Description: This dissertation addresses the delicate problem of aging in complex systems characterized by non-Poissonian statistics. With reference to a generic two-states system interacting with a bath it is shown that to properly describe the evolution of such a system within the formalism of the continuous time random walk (CTRW), it has to be taken into account that, if the system is prepared at time t=0 and the observation of the system starts at a later time ta>0, the distribution of the first sojourn times in each of the two states depends on ta, the age of the system. It is shown that this aging property in the fractional derivative formalism forces to introduce a fractional index depending on time. It is shown also that, when a stationary condition exists, the Onsager regression principle is fulfilled only if the system is aged and consequently if an infinitely aged distribution for the first sojourn times is adopted in the CTRW formalism used to describe the system itself. This dissertation, as final result, shows how to extend to the non-Poisson case the Kubo Anderson (KA) lineshape theory, so as to turn it into a theoretical tool adequate to describe the time evolution of the absorption and emission spectra of CdSe quantum dots. The fluorescence emission of these single nanocrystals exhibits interesting intermittent behavior, namely, a sequence of "light on" and "light off" states, departing from Poisson statistics. Taking aging into account an exact analytical treatment is derived to calculate the spectrum. In the regime fitting experimental data this final result implies that the spectrum of the "blinking" quantum dots must age forever.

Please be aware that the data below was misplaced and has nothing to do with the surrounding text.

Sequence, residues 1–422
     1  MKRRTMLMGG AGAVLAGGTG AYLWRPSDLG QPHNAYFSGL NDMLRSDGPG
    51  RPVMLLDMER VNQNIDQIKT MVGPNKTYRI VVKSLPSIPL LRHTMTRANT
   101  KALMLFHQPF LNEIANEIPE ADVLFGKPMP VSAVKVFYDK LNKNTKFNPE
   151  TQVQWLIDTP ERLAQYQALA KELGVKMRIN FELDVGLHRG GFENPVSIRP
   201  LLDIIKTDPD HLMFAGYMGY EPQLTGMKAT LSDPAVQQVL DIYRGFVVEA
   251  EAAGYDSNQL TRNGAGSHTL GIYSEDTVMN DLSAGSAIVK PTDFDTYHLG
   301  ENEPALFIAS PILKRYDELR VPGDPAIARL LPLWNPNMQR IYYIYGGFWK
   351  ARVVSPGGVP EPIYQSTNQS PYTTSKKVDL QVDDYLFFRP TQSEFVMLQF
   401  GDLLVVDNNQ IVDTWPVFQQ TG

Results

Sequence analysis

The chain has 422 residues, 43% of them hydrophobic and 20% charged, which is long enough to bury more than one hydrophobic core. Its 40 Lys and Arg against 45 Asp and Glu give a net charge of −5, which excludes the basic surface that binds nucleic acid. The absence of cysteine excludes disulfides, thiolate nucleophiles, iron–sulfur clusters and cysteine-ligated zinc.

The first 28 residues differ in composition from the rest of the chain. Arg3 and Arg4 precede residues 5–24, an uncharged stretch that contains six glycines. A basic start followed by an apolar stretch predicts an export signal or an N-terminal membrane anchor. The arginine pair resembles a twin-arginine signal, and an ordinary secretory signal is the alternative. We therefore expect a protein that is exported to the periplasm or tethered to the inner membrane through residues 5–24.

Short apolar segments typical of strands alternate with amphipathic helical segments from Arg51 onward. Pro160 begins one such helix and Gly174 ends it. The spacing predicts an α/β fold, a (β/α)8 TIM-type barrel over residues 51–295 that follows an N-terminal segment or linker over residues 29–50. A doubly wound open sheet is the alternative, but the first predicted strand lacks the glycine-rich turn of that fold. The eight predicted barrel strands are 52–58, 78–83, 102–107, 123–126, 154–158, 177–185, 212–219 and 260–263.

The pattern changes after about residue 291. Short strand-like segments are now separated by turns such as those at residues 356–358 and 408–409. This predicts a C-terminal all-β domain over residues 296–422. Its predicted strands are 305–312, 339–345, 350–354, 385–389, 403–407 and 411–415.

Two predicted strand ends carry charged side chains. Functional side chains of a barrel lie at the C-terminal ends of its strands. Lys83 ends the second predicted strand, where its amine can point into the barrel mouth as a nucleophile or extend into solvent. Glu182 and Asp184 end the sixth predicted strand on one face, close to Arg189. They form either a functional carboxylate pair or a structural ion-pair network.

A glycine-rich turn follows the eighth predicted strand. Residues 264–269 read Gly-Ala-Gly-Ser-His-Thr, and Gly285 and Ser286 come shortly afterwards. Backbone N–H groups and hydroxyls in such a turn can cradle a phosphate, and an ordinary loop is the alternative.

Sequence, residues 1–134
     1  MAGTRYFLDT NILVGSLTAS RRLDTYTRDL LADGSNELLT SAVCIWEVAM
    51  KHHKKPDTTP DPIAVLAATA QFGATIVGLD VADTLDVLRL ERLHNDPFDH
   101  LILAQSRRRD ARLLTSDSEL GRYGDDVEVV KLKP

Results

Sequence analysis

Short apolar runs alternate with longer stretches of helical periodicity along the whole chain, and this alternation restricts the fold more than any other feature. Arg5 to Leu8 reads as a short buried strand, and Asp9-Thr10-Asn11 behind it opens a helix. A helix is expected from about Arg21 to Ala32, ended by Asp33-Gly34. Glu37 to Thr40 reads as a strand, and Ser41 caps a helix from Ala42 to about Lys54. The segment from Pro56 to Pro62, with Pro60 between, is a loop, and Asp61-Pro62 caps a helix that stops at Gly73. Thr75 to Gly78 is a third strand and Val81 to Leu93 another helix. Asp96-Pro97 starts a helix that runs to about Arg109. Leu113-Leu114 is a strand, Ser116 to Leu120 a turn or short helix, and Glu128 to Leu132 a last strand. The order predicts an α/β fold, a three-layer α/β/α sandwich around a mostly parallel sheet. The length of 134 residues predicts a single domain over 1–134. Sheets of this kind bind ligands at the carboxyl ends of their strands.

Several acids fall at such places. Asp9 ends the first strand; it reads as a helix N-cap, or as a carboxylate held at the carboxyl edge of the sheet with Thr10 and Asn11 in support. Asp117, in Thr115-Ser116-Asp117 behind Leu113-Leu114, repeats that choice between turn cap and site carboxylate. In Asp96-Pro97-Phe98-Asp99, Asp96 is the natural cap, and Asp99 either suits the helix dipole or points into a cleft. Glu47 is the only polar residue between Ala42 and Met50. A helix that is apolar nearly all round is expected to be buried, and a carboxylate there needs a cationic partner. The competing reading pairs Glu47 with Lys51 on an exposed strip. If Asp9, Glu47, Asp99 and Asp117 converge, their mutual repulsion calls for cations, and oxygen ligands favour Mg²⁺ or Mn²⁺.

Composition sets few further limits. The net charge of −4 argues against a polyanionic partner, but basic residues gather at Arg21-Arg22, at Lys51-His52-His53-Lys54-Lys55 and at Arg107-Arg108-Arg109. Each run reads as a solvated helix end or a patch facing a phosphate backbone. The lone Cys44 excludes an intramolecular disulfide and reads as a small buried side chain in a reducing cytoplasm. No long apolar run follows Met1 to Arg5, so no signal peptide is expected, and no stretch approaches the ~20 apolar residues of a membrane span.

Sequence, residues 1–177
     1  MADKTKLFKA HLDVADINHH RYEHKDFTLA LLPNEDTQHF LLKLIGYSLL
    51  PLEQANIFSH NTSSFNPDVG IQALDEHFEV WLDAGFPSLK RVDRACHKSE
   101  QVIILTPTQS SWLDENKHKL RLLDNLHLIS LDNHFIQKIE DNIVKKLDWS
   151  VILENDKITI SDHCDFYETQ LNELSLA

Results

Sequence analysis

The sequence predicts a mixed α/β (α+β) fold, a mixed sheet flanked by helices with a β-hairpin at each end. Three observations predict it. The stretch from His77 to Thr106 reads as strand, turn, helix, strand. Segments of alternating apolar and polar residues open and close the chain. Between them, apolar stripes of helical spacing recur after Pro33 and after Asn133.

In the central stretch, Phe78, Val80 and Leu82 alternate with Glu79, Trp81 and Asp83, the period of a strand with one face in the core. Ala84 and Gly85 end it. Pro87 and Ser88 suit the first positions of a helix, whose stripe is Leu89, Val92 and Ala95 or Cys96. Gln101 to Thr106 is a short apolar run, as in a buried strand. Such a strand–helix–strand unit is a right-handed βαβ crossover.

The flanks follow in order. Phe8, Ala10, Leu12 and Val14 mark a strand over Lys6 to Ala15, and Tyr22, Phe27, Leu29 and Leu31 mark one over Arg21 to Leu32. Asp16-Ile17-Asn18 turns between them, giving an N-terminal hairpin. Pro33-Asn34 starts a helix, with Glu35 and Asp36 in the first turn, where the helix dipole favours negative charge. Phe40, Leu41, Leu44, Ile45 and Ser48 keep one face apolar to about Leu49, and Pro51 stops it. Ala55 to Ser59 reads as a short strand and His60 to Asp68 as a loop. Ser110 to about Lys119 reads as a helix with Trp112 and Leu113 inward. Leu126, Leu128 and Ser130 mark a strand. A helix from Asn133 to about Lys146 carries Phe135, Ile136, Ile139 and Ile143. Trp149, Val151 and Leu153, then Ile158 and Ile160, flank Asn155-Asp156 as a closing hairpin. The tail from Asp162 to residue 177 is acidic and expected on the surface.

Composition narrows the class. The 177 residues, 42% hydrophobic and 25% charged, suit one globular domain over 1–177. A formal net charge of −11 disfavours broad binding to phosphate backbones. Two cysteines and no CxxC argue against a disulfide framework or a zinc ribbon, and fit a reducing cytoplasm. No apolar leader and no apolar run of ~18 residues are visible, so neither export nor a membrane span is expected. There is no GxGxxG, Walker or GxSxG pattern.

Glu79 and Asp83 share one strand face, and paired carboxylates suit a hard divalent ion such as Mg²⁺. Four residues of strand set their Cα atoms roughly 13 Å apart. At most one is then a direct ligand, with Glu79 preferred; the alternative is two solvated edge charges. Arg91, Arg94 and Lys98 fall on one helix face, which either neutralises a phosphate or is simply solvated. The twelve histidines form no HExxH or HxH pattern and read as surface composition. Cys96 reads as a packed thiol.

Date: August 2004
Creator: Aquino, Gerardo
Partner: UNT Libraries

Annual Report on the Environment in Japan 2006

Description: The document reports on the state of the environment of Japan in FY 2005. It consists of an overview on population decline and the environment of Japan. It also describes the origins of Japan's environmental problems, citing the example of Minamata disease. In the second part of the report, it summarizes the environmental issues and government environmental conservation measures in Japan, FY 2005.
Date: May 30, 2006
Creator: Japan. Kankyōsho
Item Type: Text
Partner: UNT Libraries

Retirees' Attitudes Toward Mental Illness Treatment: A Life-Course Perspective

Description: This purpose of this dissertation was to examine the attitudes of retirees toward mental illness treatment. Secondary data from the Survey Research Center at the University of North Texas was utilized for this study. The focus was on the influence that gender, income, education, race/ethnicity, personal experience, fear, goodwill, and social control might have had on retirees' attitudes toward mental illness treatment. An n = 225 was selected out of the existing data to serve as the sample population. Binary logistic regression was utilized to analyze the data. Results indicated that the obtained significant findings were consistent with existing literature.
Date: May 2010
Creator: Starkey, Thomas Wayne, Jr.
Partner: UNT Libraries

Retiring in a Foreign Land: Health Care Issues of US Retirees in Mexico